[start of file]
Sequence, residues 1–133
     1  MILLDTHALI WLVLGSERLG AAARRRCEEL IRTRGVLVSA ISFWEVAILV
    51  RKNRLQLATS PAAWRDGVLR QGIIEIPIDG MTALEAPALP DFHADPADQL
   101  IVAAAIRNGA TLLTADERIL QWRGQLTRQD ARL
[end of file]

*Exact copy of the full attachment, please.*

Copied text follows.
Sequence, residues 1–133
     1  MILLDTHALI WLVLGSERLG AAARRRCEEL IRTRGVLVSA ISFWEVAILV
    51  RKNRLQLATS PAAWRDGVLR QGIIEIPIDG MTALEAPALP DFHADPADQL
   101  IVAAAIRNGA TLLTADERIL QWRGQLTRQD ARL